More Layoffs Impacting South Florida Amid Pandemic

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Industries across the country have taken a hit due to COVID-19, and in South Florida, hospitality, leisure and retail are reporting layoffs.

Nationally, big names like Best Buy and Disney have announced furloughs. Best Buy announced they were furloughing 51,000 hourly workers. Disney announced they would be furloughing 43,000 workers.

“Technically I am still employed with them, I am just laid off and they don’t have any hours for me,” Violet Holland said.

Holland says she was laid off from a retail job in March. Her husband, she says, was also laid off. They have two kids and one on the way.

“It’s scary to wake up every day and to see my kids and not know when daycare is going to kick back in, not knowing if we will be able to do anything, because there is no money coming in,” Holland said.

A look at recent letters sent to the Florida Department of Economic Opportunity show restaurants, hotels and transportation companies reporting recent lay-offs due to COVID-19.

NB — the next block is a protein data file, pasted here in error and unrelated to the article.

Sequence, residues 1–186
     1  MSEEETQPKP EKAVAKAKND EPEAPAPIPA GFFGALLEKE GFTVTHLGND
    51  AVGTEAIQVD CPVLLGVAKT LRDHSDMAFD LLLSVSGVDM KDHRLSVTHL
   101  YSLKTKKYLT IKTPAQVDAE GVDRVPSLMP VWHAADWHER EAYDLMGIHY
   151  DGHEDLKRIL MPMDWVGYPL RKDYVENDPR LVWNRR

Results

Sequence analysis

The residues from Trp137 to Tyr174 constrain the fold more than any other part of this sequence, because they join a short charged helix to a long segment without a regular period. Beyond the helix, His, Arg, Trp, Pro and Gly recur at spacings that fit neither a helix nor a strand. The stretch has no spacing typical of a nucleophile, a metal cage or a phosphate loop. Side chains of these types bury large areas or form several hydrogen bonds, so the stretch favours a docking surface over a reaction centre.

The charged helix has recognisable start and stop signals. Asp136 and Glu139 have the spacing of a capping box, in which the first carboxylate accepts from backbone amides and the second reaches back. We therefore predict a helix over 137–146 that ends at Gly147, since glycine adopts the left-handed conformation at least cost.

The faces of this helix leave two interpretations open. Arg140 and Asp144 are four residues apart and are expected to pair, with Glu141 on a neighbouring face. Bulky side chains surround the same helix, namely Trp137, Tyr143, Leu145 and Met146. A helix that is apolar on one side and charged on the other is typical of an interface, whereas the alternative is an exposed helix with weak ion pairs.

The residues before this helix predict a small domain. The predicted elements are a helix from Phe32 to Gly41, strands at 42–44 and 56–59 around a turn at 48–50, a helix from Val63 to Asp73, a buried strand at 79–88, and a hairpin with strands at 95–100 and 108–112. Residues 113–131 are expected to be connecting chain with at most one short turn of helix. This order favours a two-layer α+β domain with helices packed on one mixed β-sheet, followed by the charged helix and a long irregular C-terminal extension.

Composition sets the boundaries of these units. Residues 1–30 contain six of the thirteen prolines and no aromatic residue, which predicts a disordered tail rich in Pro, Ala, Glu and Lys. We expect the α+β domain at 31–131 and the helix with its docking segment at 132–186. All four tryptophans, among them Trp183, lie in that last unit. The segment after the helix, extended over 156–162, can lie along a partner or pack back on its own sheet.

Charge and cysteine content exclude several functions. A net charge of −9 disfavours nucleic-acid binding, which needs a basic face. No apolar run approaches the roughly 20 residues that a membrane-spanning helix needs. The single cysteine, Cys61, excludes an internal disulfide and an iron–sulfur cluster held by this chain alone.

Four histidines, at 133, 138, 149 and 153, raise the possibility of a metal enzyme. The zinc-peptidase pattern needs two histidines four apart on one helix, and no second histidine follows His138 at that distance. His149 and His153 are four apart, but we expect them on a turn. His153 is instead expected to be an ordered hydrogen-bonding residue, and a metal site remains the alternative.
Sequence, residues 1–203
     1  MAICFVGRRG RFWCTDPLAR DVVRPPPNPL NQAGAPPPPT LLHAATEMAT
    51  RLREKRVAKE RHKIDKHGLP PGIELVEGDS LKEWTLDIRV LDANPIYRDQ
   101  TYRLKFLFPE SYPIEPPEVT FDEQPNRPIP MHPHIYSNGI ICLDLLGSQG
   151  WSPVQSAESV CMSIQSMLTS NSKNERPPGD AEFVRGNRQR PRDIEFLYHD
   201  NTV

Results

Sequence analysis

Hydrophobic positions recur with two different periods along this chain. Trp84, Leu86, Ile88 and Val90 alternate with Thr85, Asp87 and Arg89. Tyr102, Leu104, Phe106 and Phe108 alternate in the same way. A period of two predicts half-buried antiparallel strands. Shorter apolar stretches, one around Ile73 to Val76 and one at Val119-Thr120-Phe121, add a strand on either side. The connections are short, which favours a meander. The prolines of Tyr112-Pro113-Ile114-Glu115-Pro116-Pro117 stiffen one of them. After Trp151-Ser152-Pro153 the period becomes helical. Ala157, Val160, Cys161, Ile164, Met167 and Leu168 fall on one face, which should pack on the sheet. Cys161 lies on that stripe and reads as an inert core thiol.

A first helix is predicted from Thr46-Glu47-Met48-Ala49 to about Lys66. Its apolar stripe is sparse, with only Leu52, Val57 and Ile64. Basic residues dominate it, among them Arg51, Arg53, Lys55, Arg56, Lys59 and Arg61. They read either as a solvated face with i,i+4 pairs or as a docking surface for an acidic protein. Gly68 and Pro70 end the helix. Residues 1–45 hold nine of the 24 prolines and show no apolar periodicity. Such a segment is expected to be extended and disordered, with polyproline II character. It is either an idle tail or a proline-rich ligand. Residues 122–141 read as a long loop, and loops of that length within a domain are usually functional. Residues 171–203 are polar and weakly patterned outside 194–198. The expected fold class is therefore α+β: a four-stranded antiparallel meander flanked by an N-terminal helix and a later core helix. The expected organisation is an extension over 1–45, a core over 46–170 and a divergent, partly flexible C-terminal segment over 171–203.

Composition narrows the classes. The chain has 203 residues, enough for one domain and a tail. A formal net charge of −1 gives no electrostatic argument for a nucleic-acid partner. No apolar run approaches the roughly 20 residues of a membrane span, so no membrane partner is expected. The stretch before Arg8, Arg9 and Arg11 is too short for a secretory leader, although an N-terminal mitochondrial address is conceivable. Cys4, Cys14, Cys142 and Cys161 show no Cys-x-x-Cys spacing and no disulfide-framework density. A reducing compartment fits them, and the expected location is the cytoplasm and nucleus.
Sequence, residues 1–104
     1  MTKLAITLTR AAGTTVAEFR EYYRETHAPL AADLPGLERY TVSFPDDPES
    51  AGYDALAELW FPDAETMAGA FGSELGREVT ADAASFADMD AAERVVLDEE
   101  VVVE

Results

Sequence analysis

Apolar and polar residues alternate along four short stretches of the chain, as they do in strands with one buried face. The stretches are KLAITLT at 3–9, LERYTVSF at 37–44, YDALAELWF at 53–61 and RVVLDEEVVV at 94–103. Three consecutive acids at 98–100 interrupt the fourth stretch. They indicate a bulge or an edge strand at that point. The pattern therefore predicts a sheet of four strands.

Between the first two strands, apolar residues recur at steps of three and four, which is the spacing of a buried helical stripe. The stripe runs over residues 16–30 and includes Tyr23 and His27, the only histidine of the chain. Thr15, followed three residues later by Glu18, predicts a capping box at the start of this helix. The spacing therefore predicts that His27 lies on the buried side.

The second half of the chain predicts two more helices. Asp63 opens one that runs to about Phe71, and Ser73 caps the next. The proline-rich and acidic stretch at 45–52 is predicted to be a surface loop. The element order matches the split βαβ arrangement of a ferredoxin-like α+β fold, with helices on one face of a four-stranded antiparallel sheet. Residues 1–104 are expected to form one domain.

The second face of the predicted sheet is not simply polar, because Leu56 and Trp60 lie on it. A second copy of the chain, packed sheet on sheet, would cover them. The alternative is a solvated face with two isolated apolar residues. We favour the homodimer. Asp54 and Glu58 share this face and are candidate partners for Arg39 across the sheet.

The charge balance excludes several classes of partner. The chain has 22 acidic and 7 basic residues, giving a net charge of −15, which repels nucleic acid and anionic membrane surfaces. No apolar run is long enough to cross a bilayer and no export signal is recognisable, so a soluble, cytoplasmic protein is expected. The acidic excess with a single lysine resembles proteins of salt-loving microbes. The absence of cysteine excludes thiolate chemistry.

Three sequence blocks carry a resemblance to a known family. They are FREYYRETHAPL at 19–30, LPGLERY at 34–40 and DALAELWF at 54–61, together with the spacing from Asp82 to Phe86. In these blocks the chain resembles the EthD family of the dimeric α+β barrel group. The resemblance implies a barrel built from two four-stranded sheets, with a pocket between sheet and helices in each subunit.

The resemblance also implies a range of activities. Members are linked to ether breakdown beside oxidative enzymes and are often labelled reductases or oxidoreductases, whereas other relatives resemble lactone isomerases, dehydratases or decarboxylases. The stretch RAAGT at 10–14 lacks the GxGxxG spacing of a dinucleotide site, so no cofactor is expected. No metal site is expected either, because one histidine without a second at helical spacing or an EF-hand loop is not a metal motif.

On Miami Beach, SLS South Beach Hotel reported in a letter to the state a total of 340 employees will be laid off by May 1st.

Brightline management laid off 262 employees.

The restaurant chain Benihana reported layoffs at several south Florida locations.

In a letter to the state, the restaurant chain stated they “hope to rehire as many employees as possible once business levels return to normal after the coronavirus pandemic ends.”

Holland has applied for reemployment assistance, but she has not received her benefits yet.

Sunday, Governor Ron DeSantis offered reassurances to those still waiting for reemployment assistance.

“You suddenly get laid off it’s tough, especially if you have bills to pay, especially if you have kids,” DeSantis said.

He pointed to additional employees and other changes as improvements to what he called a “bad system.”

“They can be reassured that there has never been more manpower dedicated to a single economic problem, certainly since I have been Governor, but I bet you in the state’s history,” DeSantis said.

For Holland, she just hopes her benefits kick in sooner than later.

“It’s a really scary situation, you have no idea what will happen next."

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